Flare-On 9 – Task 10

For those of you who don’t know, Flare-On is an annual “reverse engineering marathon” organized by Mandiant (formerly by FireEye). It runs for 6 weeks, and contains usually 10-12 tasks of increasing difficulty. This year I completed as 103 (solves board here). In this short series you will find my solutions of the tasks I enjoyed the most.

Flare-On Task 10 was related to emulation of an old Macintosh machine, based on Motorola 68000 processor.

You can find the package here: 10_Nur_getraumt.7z , password: flare

We are provided with the disk image, containing the application that we need to reverse.

The first step was to prepare the emulator. As the author of the task suggested, I used Mini vMac. However, this solution doesn’t just work out of the box. We need to provide it a ROM image (more info here), that is not included on the website. Fortunately, after some googling around I found a github which owner was kind enough to make their ROM available, along with other utilities to be used for vMac:


After running the emulator with the ROM, it was necessary to install the OS. Fortunately, System 6.0.8 was provided on the vMac site (“SSW_6.0.8-1.4MB_Disk1of2.sea.bin” and “SSW_6.0.8-1.4MB_Disk2of2.sea.bin”). We just need to unpack it with the provided tool (ua608d) and then we can drag-and-drop on the running emulator Window. That’s how we get the working system.

Once the system is up and running, we need to also mount the disk with our challenge. We can do it also by drag-and-drop, but first we need to rename the file to ANSI (I used “chall.img”). And it works! We can see the original compiled application, that is the challenge, and also, the Res Edit by which we can view particular elements of the challenge.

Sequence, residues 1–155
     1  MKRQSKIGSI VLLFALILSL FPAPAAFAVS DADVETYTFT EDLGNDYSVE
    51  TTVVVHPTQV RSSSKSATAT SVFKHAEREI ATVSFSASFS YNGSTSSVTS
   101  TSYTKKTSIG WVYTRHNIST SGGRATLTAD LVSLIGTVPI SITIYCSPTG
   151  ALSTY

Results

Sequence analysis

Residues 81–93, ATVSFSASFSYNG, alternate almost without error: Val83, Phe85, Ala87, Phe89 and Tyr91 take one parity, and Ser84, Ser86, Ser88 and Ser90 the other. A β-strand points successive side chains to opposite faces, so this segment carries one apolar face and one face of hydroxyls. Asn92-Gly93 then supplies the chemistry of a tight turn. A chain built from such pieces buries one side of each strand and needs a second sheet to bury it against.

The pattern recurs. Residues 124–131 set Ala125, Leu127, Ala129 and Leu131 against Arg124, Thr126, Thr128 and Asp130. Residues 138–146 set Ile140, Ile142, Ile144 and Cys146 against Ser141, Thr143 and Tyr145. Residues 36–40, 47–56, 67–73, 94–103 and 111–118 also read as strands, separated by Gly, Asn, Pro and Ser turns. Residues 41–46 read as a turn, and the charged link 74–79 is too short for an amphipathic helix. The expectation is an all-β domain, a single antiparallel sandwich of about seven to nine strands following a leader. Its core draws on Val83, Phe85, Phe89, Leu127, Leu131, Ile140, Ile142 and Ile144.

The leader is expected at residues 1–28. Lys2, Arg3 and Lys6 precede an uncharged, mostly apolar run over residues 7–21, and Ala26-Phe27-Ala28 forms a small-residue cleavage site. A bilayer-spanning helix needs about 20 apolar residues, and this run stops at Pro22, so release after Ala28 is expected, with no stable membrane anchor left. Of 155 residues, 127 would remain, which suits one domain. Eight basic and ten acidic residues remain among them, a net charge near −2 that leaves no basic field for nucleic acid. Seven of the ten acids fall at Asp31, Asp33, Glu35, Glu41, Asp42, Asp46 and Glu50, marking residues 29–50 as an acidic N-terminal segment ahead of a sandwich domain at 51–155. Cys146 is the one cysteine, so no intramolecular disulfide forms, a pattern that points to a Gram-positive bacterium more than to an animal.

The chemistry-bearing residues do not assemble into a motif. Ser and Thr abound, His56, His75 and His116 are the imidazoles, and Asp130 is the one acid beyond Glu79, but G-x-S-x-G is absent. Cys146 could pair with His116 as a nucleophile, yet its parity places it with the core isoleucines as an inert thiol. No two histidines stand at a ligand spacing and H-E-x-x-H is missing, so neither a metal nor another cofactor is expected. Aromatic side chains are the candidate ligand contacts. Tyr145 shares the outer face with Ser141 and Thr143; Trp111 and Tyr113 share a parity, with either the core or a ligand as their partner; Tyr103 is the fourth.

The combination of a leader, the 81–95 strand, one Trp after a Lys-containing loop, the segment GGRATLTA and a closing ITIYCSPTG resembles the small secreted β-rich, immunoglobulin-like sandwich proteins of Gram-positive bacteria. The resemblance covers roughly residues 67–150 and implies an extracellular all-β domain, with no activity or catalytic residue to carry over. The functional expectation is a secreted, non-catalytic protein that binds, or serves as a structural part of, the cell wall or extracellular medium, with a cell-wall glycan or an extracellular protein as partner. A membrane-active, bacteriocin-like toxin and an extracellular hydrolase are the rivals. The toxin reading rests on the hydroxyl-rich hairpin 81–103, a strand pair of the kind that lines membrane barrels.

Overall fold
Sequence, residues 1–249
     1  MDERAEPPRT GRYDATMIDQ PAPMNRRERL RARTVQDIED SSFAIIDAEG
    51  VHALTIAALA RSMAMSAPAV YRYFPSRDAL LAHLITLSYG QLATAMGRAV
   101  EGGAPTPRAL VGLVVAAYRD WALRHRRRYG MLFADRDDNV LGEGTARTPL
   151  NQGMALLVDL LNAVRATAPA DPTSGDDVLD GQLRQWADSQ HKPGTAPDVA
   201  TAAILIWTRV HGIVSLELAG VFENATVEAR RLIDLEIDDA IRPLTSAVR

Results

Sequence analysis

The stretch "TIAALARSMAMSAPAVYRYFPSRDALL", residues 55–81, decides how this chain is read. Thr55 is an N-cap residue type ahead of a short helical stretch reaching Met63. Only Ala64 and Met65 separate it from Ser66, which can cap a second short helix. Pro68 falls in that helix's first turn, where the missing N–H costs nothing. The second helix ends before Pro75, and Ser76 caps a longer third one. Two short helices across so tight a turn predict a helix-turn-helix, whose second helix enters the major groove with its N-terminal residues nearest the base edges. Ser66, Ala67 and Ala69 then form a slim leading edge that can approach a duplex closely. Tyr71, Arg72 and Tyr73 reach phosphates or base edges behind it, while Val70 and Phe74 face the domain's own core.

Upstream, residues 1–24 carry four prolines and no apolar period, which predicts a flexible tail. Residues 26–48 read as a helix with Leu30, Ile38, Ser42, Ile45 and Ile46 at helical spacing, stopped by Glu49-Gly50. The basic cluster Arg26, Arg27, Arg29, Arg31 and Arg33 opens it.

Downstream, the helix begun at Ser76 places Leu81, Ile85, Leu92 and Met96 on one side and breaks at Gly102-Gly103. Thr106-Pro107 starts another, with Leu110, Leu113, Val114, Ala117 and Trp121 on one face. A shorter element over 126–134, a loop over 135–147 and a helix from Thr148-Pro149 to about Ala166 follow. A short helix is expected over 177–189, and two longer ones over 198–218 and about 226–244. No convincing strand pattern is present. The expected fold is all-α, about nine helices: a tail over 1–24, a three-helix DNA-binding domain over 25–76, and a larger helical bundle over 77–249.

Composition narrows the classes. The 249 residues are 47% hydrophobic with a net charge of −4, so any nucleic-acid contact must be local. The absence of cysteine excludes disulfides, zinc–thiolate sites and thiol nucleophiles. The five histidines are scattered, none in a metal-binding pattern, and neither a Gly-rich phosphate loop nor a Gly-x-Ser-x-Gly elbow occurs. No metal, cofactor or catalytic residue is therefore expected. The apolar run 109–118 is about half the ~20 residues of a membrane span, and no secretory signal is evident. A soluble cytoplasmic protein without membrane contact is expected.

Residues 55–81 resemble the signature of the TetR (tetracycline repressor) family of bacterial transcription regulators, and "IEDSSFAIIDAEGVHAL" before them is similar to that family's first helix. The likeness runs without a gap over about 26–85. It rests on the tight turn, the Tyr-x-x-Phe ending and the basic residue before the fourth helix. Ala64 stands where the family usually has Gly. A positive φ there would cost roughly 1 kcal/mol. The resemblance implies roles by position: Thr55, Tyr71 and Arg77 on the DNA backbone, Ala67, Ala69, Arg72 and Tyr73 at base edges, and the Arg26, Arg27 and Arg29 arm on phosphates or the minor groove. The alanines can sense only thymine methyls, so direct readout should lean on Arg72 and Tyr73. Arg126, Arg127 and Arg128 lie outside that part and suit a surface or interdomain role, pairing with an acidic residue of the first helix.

We can see that one of the resources contains our encrypted flag:

As the description suggests, the flag should be viewed in hex. Fortunately, the Reg Edit provides this option in the menu.

This is how the flag looks when viewed in hex:

The task description hints us that the challenge is going to be somehow related with the music of those times. And indeed, the name of the resource points to the song “99 Lufrbaloons” of a German singer Nena.

Walking through various elements displayed in Reg Edit, we can also see the code of the application. It is displayed in a built-in disassembler.

The function is pretty short, and it can be reimplemented knowing some 68000 assembler basics (i.e. following this manual). We can see an EOR (Exclusive OR logical) instruction, which is an equivalent of XOR. At this point we can guess that the flag may be obfuscated with a XOR-based algorithm.

But before jumping to implementation, I wanted some less error prone way to understand this unfamiliar code. And it turns out that it was easier to achieve than I expected. It turns out that Ghidra provides built-in disassembler for this architecture.

But first I needed to carve out the application from the whole image. I installed a hexeditor on the emulator:

… and checked how the program starts.

Then I opened the whole image in a hexeditor on my host machine, and searched for those patterns. Carved out the whole app, and opened it in Ghidra.

We need to go to the beginning of our decoding function, and make Ghidra disassemble it:

And great, we see the same code as we could preview in Res Edit, so it means everything is ok. Plus, there is another view, with this code decompiled.

This is how the decompiled function looks – much more clear, isn’t it?

We can see that the first byte of the string is it’s size. The last WORD, after the characters buffer, is a CRC16 of it.

I reimplemented the whole algorithm in C, to test my assumptions (snippet here). All good… so it turns out to be a simple XOR with the supplied key!

As we know, the flag will end with @flare-on.com – so this is what we need to use to XOR the ending of the provided encrypted string.

This is a part of the first line from the lyrics of Nena’s song “99 Luftbaloons”!.

Hast du etwas Zeit für mich?
Dann singe ich ein Lied für dich

Nena – “99 Luftballons”

If we write the full line, we get:

Which is the second line of the same song. We can fill the missing characters in, and submit the flag.

And that’s all for the task 10!

BTW, the title of the challenge (“Nur geträumt” – “Just a dream”) is also a reference to a Nena’s song.

About hasherezade

Programmer and researcher, interested in InfoSec.
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